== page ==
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Roth Conversions Estate Planning Perspective

Roth Conversions Estate Planning Perspective

By: Martin M. Shenkman, CPA, MBA, JD

Roth IRA Conversions

 

Money Matters Radio – Estate Planning Checklist

By: Martin M. Shenkman, Esq.

 

 

Introduction/Overview: The hot topic remains Roth conversions. Should you, or shouldn’t you, convert your regular IRA to a Roth? While there has been much analysis, and sophisticated models have been developed to help you make the analysis, what about the estate planning perspectives on the issue?

 

First, a quickie review. The benefit of converting your IRA to a Roth is that there are no minimum required distributions from a Roth for you as the contributor, no income tax cost on taking money out when you do. All good stuff. But you have to pay the income tax upfront in order to convert. Too many people that shouldn’t convert seem to be doing so. While we cannot provide a full analysis in this short summary a few comments might help:

 

  • If you expect tax rates to rise (everyone at higher income levels does) it’s cheaper to pay tax now at lower rates.
  • If you’ll need to pull money out of your Roth soon conversion is unlikely to make sense. If you can defer touching the money, for decades conversion makes more sense. If you will never likely need to touch the money in the post-converted Roth then conversion is looking even sweeter.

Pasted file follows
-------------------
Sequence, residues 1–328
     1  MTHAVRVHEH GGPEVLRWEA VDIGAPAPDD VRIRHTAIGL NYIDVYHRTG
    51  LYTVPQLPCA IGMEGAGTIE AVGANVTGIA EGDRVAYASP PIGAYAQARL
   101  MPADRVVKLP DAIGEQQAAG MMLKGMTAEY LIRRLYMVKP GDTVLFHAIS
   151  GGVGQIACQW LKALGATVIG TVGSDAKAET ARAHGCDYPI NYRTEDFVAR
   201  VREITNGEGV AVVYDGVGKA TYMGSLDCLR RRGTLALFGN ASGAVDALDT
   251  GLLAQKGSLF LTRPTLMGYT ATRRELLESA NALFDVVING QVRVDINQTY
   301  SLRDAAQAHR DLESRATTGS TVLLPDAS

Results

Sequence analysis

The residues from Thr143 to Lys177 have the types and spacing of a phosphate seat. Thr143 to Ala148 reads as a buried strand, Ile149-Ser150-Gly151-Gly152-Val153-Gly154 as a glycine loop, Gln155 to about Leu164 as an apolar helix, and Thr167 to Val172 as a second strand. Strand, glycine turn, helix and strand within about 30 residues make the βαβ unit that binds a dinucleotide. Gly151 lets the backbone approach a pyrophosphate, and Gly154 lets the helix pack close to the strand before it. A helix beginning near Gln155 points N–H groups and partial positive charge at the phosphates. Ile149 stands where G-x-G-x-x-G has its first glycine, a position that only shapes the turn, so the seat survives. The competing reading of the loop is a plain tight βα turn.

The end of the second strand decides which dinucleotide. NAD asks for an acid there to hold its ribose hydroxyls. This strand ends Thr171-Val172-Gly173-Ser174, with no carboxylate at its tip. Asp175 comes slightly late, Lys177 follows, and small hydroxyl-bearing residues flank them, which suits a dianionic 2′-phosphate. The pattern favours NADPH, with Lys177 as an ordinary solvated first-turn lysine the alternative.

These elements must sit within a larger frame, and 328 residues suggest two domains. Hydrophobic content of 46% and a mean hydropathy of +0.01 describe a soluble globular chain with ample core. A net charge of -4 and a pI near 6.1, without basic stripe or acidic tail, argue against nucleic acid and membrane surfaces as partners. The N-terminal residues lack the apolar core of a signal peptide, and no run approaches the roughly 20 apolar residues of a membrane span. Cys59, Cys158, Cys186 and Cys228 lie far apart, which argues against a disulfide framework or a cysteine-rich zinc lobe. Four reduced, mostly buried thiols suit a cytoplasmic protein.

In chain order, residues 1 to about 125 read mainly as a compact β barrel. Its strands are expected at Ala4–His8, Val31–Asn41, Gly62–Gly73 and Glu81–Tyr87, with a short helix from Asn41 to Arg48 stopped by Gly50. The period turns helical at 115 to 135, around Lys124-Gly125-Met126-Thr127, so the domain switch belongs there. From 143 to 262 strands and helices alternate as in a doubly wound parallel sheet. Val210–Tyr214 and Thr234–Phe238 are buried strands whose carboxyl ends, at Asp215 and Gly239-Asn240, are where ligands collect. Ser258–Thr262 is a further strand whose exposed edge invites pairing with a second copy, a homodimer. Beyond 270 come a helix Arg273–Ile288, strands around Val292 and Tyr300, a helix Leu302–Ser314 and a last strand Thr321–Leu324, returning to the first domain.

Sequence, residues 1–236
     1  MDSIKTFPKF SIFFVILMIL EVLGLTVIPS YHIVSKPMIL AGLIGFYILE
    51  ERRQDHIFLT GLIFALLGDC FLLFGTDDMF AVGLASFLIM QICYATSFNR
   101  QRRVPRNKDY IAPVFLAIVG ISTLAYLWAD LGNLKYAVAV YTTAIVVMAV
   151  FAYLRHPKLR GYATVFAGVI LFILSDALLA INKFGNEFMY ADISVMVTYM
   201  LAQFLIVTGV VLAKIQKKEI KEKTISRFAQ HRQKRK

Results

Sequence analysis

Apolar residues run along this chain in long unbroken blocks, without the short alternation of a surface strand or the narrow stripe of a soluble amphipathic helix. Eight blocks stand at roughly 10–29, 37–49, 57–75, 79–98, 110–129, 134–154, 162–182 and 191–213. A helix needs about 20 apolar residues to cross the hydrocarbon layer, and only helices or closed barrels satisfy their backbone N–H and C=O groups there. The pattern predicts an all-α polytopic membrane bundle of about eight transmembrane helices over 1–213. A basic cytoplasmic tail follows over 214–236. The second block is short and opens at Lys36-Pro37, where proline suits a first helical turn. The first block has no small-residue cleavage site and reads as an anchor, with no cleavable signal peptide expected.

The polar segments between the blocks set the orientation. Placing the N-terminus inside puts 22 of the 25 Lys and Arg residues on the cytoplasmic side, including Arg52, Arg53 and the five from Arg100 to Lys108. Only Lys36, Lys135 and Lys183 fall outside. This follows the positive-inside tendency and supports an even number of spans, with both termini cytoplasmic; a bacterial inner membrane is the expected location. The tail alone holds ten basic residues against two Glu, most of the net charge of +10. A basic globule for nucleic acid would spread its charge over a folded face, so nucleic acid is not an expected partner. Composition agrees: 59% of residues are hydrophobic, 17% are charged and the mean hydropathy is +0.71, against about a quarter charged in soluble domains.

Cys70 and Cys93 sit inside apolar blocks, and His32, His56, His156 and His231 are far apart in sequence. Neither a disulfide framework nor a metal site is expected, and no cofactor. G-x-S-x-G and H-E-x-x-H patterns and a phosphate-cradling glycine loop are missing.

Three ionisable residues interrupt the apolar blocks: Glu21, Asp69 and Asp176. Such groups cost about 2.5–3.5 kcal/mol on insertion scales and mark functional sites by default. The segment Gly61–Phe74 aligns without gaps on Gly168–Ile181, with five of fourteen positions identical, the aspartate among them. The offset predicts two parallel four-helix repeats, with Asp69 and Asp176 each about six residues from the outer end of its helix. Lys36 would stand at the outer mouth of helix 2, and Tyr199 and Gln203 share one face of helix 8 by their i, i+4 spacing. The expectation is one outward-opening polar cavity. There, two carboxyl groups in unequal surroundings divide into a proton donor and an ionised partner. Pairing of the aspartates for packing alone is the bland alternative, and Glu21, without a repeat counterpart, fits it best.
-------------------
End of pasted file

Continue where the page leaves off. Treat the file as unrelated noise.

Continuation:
• If you have to use money in your IRA to pay the tax on conversion fuggetaboutit! If you have adequate non-retirement assets outside of your IRS to pay the tax incurred on conversion, then conversion might make sense.
  • There is no requirement to convert all. Some of the answers above might make conversion make sense for part of our IRA that you can fund tax payments from outside assets and that you will unlikely need to touch. It is not an all or nothing decision.

 

 

What unique estate planning issues are involved in this decision process? Consider the following items?

 

Asset Protection:

  • Protecting assets from creditors and malpractice claimants is a big part of many estate plans. For some folks it is a more worrisome issue than estate taxes. If your state law protects IRA assets from claimants, verify that it also protects Roth IRA assets as well.
  • If you have qualified ERISA plan assets you might be better off keeping them inside that plan than rolling out to an IRA or Roth because the protections may be better.
  • If you pay the tax on conversion with non-retirement assets and your converted Roth is protected under state law, you’ve removed at-risk assets (cash) from the reach of claimants while increasing the economic value of assets protected inside the Roth IRA. This is because the Roth IRA is post-tax dollars and the regular IRA is pre-tax dollars. It is not clear what success a claimant may have arguing that your payment of the taxes to the IRS was a fraudulent transfer.

 

Reduce Your Estate: If you convert and pay income tax now the tax you pay is removed from the value of your estate. In some close call cases that might be enough to push your estate below the threshold at which an estate tax return has to be filed. If you have to pay estate tax it should reduce the tax due. That is a neat savings!

Great Asset to Bequeath: A Roth IRA is a tax free asset to bequeath to heirs. Your heirs can then stretch out the payments over their lifetime. That’s a double winner. If you are leaving some assets to your grandchildren, what a great, perhaps almost ideal asset to bequeath!

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